Photographs by Rose Lincoln
Less than a week before the 18th anniversary of 9/11, Assistant Attorney General for National Security John C. Demers recalled for a Boston College audience one of the many long-term effects of the event—for him as well as many of his colleagues.
"It made me want to go to Washington, D.C., to offer my services,” said Demers, now on the front lines of the U.S. government’s fight against Chinese cyberattacks, who spoke with law, graduate, and undergraduate students during a one-hour program at Boston College Law School on September 5. The event was co-coordinated by Kevin Powers, director of the Master of Science in Cybersecurity Policy and Governance program at the Woods College of Advancing Studies and assistant professor of the practice at BC Law, and Associate Professor of Law David Olson, faculty director for the law school's Program on Innovation and Entrepreneurship.
“At the Department of Justice, we learned we weren't well organized," Demers said of 9/11, citing the strict separation among the branches of government, and the belief at the time that it was improper to share information. What was the conventional wisdom, he said, came to be seen as "conventional foolishness."
As Demers explained, what emerged from the devastation of the 9/11 attacks was the Department of Homeland Security, which combined 22 different federal departments and agencies into a unified, integrated cabinet agency. In 2006, the Department of Justice's National Security Division was created, which consolidated the DOJ's primary national security operations and focused on counter-terrorism, counter espionage/export control, and the Office of Intelligence.
Last November, Demers joined NSD as assistant attorney general for security and was selected to lead the U.S. Attorney General's China Initiative, established to counter the persistent and aggressive economic espionage, trade-secret theft, hacking, and related crimes conducted by the People's Republic of China.
Since then, Demers has consistently spoken out against China’s activities in this area, such as its suspected involvement in the hack of the Starwood hotel chain's reservation system, which exposed the private data and travel details of as many as 500 million people. “The playbook is simple—rob, replicate, and replace,” he said at a hearing last December. “Rob the American company of its intellectual property, replicate the technology, and replace the American company in the Chinese market and one day in the global market.”
"While all are sophisticated cyber actors, China is the number-one nation state threat, followed by Iran, Russia and North Korea," said Demers at his BC Law talk. "A seminal moment that motivated the launch of the China Initiative was the repeated theft of American companies' intellectual property, which reflected a collaborative effort by the PRC and Chinese companies to drive their economic development. If you examine the government's goals—the development of high-speed rail, artificial intelligence, commercial airlines—it's a guide to what they steal."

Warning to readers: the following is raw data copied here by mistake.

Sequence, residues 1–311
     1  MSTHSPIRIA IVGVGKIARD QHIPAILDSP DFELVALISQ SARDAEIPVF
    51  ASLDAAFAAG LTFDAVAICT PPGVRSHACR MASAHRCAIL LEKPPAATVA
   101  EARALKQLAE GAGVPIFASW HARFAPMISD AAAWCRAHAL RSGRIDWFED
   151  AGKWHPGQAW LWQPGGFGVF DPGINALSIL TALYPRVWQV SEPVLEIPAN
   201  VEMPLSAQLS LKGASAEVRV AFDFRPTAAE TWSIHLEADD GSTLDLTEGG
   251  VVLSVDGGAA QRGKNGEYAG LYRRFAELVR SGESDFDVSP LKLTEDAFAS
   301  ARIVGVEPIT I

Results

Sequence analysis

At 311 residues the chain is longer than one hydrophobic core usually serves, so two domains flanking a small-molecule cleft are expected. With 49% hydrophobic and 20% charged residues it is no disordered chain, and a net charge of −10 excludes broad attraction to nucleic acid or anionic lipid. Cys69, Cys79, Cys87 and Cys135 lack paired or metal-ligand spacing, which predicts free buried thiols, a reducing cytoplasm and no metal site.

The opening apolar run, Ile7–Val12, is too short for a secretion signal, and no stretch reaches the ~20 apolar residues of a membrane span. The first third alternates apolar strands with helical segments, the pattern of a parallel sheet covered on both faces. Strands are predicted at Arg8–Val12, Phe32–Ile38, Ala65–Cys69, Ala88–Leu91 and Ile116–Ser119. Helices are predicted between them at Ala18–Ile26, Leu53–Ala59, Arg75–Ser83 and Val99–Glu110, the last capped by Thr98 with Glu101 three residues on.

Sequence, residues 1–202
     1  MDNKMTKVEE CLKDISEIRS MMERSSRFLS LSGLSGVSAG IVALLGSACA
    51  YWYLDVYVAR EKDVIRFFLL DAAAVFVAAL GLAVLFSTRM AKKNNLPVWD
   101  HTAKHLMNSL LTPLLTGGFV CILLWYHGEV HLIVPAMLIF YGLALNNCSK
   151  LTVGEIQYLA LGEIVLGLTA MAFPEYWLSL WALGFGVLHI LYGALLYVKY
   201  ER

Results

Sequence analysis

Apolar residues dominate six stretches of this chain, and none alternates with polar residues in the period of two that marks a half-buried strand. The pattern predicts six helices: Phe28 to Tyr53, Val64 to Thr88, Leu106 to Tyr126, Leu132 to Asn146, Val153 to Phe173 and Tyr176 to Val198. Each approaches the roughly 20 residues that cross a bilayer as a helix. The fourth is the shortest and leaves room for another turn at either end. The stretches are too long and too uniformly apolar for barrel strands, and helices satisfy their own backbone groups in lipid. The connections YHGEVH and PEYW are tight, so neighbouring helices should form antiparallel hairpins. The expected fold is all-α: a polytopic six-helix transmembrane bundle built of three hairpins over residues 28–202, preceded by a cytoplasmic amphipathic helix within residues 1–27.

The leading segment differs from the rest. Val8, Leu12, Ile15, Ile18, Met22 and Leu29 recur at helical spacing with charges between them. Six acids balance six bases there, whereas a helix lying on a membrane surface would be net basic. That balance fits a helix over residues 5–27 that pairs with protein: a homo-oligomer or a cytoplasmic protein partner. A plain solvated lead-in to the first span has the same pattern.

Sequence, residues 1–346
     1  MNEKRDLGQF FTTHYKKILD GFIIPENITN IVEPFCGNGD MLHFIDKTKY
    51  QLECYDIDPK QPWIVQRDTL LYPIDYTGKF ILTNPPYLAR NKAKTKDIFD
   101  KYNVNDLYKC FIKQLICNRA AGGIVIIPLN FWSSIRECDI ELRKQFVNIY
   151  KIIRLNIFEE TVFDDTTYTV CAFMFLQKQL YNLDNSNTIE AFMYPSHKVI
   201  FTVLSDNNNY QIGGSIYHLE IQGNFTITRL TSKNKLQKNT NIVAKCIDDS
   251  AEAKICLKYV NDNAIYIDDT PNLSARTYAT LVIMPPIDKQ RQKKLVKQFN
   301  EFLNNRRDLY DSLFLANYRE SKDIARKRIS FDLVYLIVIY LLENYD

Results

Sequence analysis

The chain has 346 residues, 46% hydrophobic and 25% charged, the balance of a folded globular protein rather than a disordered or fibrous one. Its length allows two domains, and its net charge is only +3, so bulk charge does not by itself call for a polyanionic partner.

"It is fitting that we host a discussion on some of the hottest and most important legal issues of our day," said BC Law Dean Vincent Rougeau in his welcoming remarks, among them "how to preserve national security, provide cybersecurity, and properly use laws and law enforcement as tools to protect our nation and our citizens' interests, while respecting the rule of law, individual rights, and freedom of trade and association."
Demers worked at the DOJ as an attorney advisor in the Office of Legal Counsel from 2003-05, then clerked for Supreme Court Justice Antonin Scalia for one year before returning to the National Security Division, first as senior counsel to the assistant attorney general, and then as deputy assistant attorney general for the Office of Law and Policy. In 2008, Demers helped draft an amendment to the Foreign Intelligence Surveillance Act that allows the NSA to collect electronic communications of foreign targets, including those with U.S. citizens.
"This event, like the annual Boston Conference on Cyber Security we coordinate with the FBI, reflects an ongoing effort to bring together industry, academia, and government around these issues, to help build and strengthen the cybersecurity ecosystem," said Kevin Powers, founding director of the Woods College's M.S. in Cybersecurity Policy and Governance program and assistant professor of the practice at BC Law and the Carroll School of Management. Boston College also offers two online, professional certificate programs in cybersecurity strategy and data privacy.
The Boston College Law School Program on Innovation and Entrepreneurship (PIE), directed by event co-coordinator and law professor David Olson, draws upon the intellectual capital of its faculty and the energy of its talented students to develop activities designed to build strong bridges between BC Law and the innovation and entrepreneurship communities in Boston and beyond.
Phil Gloudemans | University Communications